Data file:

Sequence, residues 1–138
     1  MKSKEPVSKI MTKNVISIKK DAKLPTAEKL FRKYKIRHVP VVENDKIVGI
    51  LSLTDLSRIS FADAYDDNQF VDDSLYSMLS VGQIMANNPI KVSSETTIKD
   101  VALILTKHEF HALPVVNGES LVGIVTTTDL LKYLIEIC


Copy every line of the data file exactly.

Sequence, residues 1–138
     1  MKSKEPVSKI MTKNVISIKK DAKLPTAEKL FRKYKIRHVP VVENDKIVGI
    51  LSLTDLSRIS FADAYDDNQF VDDSLYSMLS VGQIMANNPI KVSSETTIKD
   101  VALILTKHEF HALPVVNGES LVGIVTTTDL LKYLIEIC